Consensus 1

Consensus 1

1st Consensus Meeting: Glaucoma Diagnosis and Function

San Diego, Ca, November 13-14, 2003

edited by Robert N. Weinreb and Erik L. Greve
2004. viii and 152 pages with 17 figures, of which 12 in full color, and one table. Hardbound.
ISBN-10: 90 6299 200 5.
ISBN-13: 978-90-6299-200-3
Published by Kugler Publications.
Click here for more information on all publications in the Consensus series.

Download your free copy of Consensus 1 through the IGR website

Consensus Statements


  1. A method for detecting abnormality and also documenting optic nerve structure should be part of routine clinical management of glaucoma.
    Explantion: It is known that documentation of optic nerve structure is often
    missing in routine ophthalmology practice.
  2. According to limited evidence available sensitivity and specificity of imaging instruments for detection of glaucoma are comparable to that of expert interpretation of stereo colour-photography and should be considered when such expert advice is not available.
    Explantion: Experts evaluating stereophotographs are those who have had specialized training and experience in this technique.
  3. Digital imaging is recommended as a clinical tool to enhance and facilitate the assessment of the optic disc and retinal nerve fibre layer in the management of glaucoma.
    Explantion: Digital imaging is available for scanning laser tomography, scanning laser polarimetry and optical coherence tomography. Digital imaging also is possible for photography, but assessment remains largely subjective.
  4. Automated analysis of results using appropriate databases is helpful for identifying abnormalities consistent with glaucoma.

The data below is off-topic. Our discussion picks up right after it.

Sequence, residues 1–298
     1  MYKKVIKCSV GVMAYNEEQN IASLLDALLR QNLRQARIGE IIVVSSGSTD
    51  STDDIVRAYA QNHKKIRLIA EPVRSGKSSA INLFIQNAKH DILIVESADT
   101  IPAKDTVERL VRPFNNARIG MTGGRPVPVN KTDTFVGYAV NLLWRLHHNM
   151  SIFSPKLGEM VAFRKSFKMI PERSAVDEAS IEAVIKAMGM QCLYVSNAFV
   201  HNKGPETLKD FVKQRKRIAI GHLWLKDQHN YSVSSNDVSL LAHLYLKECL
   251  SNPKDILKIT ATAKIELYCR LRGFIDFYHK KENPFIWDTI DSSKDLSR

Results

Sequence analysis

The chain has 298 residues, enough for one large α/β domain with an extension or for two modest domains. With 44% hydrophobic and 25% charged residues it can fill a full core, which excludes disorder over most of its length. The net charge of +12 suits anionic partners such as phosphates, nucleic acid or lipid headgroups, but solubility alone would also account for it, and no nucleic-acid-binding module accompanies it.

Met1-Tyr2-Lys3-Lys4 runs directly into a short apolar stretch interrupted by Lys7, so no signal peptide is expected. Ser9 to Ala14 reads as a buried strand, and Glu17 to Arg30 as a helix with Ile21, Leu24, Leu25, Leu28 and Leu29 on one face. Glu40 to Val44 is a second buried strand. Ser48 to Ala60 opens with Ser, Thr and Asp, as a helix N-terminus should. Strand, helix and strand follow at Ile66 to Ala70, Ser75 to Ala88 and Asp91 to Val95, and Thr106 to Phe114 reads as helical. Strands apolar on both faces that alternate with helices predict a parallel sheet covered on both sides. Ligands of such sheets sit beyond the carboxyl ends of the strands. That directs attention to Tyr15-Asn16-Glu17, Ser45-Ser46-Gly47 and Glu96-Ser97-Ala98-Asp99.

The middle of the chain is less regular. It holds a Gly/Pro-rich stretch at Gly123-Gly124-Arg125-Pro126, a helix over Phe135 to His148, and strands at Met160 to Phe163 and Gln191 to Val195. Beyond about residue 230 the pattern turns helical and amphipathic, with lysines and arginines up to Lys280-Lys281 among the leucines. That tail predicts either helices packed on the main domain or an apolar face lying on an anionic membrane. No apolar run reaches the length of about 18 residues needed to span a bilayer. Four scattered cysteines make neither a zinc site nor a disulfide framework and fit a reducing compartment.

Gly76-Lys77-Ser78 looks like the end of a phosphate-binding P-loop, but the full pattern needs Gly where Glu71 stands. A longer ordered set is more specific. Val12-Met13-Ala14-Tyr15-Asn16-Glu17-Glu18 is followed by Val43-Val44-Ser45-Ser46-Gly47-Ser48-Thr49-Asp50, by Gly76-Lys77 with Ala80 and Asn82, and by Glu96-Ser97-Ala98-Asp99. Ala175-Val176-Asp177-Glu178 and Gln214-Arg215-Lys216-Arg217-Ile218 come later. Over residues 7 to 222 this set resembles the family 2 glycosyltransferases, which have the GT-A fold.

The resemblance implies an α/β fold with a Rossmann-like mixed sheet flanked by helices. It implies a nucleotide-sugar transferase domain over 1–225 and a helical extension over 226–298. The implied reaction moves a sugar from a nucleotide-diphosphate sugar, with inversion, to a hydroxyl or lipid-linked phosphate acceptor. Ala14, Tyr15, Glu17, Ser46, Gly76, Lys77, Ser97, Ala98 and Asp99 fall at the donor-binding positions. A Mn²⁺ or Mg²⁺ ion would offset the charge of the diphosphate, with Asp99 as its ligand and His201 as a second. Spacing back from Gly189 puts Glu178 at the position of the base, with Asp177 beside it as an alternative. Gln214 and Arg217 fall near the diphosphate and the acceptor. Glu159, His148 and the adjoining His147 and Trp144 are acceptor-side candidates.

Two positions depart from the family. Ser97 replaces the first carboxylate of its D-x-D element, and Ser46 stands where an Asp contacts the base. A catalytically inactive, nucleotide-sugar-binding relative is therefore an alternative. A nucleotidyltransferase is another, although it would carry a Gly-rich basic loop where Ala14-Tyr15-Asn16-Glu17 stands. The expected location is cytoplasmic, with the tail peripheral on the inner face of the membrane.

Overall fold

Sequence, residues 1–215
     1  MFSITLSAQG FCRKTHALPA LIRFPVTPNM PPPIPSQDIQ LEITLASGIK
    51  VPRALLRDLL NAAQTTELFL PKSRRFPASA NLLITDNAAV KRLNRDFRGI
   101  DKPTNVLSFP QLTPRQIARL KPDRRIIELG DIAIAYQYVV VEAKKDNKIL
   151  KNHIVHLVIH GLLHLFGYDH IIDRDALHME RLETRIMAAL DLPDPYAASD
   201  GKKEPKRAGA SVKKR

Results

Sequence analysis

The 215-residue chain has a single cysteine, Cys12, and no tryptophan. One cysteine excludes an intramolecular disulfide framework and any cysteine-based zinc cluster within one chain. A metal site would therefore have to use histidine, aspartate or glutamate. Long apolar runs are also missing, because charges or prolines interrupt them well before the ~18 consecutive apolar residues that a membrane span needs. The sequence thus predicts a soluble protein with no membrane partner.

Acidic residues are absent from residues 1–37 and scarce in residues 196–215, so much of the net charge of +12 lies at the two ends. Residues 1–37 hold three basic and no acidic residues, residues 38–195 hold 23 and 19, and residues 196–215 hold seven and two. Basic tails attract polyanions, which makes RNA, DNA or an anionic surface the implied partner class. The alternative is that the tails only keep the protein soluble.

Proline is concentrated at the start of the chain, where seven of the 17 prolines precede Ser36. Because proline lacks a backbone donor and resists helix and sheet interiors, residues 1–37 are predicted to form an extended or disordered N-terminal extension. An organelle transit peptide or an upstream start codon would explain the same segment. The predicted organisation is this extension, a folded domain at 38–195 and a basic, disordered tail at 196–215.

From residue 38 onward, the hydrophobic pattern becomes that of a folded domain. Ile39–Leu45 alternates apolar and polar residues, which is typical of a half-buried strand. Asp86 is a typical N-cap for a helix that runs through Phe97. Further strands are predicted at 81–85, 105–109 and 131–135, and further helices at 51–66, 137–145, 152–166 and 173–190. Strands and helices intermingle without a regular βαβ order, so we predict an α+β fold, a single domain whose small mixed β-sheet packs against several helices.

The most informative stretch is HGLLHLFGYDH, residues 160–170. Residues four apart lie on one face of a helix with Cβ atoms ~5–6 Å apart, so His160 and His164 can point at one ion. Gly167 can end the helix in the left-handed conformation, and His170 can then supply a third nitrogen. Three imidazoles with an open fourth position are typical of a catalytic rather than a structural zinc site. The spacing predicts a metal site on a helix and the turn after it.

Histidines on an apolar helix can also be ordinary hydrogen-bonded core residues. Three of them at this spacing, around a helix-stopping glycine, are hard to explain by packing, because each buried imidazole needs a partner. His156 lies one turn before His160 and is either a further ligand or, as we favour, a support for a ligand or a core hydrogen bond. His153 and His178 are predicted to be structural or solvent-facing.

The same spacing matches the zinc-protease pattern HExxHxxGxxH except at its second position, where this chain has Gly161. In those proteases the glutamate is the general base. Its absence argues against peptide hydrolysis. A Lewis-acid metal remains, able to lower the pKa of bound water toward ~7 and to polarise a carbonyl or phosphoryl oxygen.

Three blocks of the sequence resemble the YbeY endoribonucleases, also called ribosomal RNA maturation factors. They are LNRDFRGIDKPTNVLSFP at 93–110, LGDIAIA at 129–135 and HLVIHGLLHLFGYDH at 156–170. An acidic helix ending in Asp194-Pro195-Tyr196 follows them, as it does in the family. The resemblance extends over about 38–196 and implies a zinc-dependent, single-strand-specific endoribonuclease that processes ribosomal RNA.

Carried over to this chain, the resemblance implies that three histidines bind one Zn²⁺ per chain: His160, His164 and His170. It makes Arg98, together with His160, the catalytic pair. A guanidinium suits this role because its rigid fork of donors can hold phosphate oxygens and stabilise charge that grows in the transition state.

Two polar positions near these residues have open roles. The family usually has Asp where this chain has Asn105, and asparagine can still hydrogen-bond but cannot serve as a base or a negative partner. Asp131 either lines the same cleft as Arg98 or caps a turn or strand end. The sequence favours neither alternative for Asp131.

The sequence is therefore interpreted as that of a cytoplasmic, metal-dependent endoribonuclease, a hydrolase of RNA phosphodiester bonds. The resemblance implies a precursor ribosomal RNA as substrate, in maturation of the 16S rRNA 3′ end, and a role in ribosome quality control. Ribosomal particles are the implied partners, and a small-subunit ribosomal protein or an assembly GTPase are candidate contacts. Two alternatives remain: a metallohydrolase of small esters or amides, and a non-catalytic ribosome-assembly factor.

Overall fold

Explantion: The comparison of results of examination of individual patients with those of an appropriate database can delineate the likelihood of abnormality. Structural assessment should preferably include such a biostatistical analysis.
  5. Different imaging technologies may be complementary, and detect different abnormal features in the same patients.

Note 1: At this time, evidence does not preferentially support any one of the above structural tests for diagnosing glaucoma


  1. A method for detecting abnormality and documenting functional status should be part of routine clinical management of glaucoma.
  2. It is unlikely that one functional test assesses the whole dynamic range.
  3. Standard Automated Perimetry (SAP), as usually employed in clinical practice, is not optimal for early detection.
  4. With an appropriate normative database, there is emerging evidence that short wavelength automated perimetry (SWAP) and possibly also frequency doubling technology perimetry (FDT) may accurately detect glaucoma earlier than SAP.
    Explantion: Earlier detection of glaucomatous damage with SWAP and FDT than with SAP has been consistently demonstrated.
  5. There is little evidence to support the use of a particular selective visual function test over another in clinical practice because there are few studies with adequate comparisons.Explantion: At this time, there is no evidence to support the superiority of either SWAP vs. FDT.

Function & Structure

  1. Published literature often lags behind the introduction of new technology. Therefore literature based on previous versions of current technology should be viewed with caution.
  2. In different cases, either structural examination or functional testing may provide more definitive evidence of glaucoma, so both are needed for detection and confirmation of the subtle early stages of the disease.

Note 2: Data from both functional and structural examinations always should be evaluated in relation to all other clinical data